Wat Loi Kroh (วัดลอยเคราะห์) is a temple located on Loi Kroh Road 65. Although the temple is on a tourist street, very few tourists visit Wat Loi Kroh. The temple has a very interesting history though. It was constructed in the year 1456 (2000 B.E,) during the reign of King Kue Na, the 6th king of the Mengrai Dynasty of the Lanna Kingdom . This was an Indianized state centered in present-day Northern Thailand from the 13th to 18th centuries. Between 1558 and 1774 Chiang Mai was part of a Burmese kingdom.
In 1774 Prince Kawila of Lampang liberated Chiang Mai after many years of bloody struggle. The Burmese occupation and years of warfare left Chiang Mai deserted and in ruins. In 1802 Prince Kawila paid homage to the King of Siam and became the new ruler of Chiang Mai.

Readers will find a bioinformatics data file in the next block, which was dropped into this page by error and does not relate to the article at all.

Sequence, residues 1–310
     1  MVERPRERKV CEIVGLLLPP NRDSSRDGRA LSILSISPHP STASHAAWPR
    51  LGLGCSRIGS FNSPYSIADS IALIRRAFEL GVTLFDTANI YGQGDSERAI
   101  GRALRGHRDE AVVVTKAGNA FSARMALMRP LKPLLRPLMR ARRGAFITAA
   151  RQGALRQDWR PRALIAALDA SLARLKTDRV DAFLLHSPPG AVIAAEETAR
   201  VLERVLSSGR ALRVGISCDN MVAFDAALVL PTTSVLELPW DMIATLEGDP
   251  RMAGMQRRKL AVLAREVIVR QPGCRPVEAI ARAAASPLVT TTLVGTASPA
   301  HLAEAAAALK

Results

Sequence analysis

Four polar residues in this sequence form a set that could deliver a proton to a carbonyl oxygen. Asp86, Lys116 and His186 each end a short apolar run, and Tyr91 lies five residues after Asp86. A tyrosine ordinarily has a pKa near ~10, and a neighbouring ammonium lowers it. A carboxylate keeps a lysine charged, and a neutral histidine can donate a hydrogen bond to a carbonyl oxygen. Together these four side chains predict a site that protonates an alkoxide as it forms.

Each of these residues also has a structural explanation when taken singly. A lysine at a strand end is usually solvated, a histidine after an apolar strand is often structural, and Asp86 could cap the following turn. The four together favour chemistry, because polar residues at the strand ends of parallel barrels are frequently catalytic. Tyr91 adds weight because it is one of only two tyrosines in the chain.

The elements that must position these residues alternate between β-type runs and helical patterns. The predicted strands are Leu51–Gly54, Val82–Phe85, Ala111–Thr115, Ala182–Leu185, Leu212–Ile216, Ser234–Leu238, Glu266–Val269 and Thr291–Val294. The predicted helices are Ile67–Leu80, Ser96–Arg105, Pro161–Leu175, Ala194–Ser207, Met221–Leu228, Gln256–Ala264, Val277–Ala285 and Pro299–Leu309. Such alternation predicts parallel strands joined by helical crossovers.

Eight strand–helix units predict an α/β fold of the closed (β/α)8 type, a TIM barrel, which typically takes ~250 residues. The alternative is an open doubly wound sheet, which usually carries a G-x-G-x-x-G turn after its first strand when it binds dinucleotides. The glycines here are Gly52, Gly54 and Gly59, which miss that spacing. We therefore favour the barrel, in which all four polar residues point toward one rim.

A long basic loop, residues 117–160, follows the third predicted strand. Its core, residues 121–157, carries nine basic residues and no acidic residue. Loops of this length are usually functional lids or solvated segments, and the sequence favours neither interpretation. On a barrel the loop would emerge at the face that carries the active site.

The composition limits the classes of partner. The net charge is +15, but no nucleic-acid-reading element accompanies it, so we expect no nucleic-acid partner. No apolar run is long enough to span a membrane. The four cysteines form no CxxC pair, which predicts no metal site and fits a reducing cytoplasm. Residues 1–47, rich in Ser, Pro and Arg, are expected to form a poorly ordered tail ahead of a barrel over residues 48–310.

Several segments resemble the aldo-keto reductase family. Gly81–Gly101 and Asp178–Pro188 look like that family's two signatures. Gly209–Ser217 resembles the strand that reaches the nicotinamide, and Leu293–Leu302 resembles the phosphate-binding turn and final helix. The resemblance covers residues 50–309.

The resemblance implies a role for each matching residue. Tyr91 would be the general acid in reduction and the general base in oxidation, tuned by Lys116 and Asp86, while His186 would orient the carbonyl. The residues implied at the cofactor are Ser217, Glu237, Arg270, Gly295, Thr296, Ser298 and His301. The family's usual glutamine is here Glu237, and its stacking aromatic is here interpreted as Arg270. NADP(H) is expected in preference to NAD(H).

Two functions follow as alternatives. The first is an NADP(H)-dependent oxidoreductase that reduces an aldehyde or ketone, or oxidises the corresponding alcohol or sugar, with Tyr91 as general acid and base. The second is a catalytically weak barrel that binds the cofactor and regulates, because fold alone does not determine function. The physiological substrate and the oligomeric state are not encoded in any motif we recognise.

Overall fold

The rule of Kawila is known as the period of the reconstruction of Chiang Mai. He started repopulating Chiang Mai and Lamphun. This was the period of “gathering and putting vegetables into the basket and gathering and relocating people into the town” (เก็บผักใส่ซ้าเก็บข้าใส่เมือง). While reconstructing Chiang Mai and Lamphun, Kawila and his troops went around the neighbouring city-states in the region persuading and forcibly convincing people to come and live in the two cities. In this way, Kawila was able to spread his sovereignty over Chiang Tung, Chiang Rung, and various townships in Sibsong Panna, and a number of towns in the Salween valley.
In 1804, Kawila retook Chiang Saen from the Konbaung dynasty, the last dynasty that ruled Burma from 1752 to 1885. It is probably around that time that villagers from Ban Hom, a settlement near Chiang Saen migrated to the Loi Kroh area and started reconstructing Wat Loi Kroh. Wat Loi Kroh features in our markets and silver tours.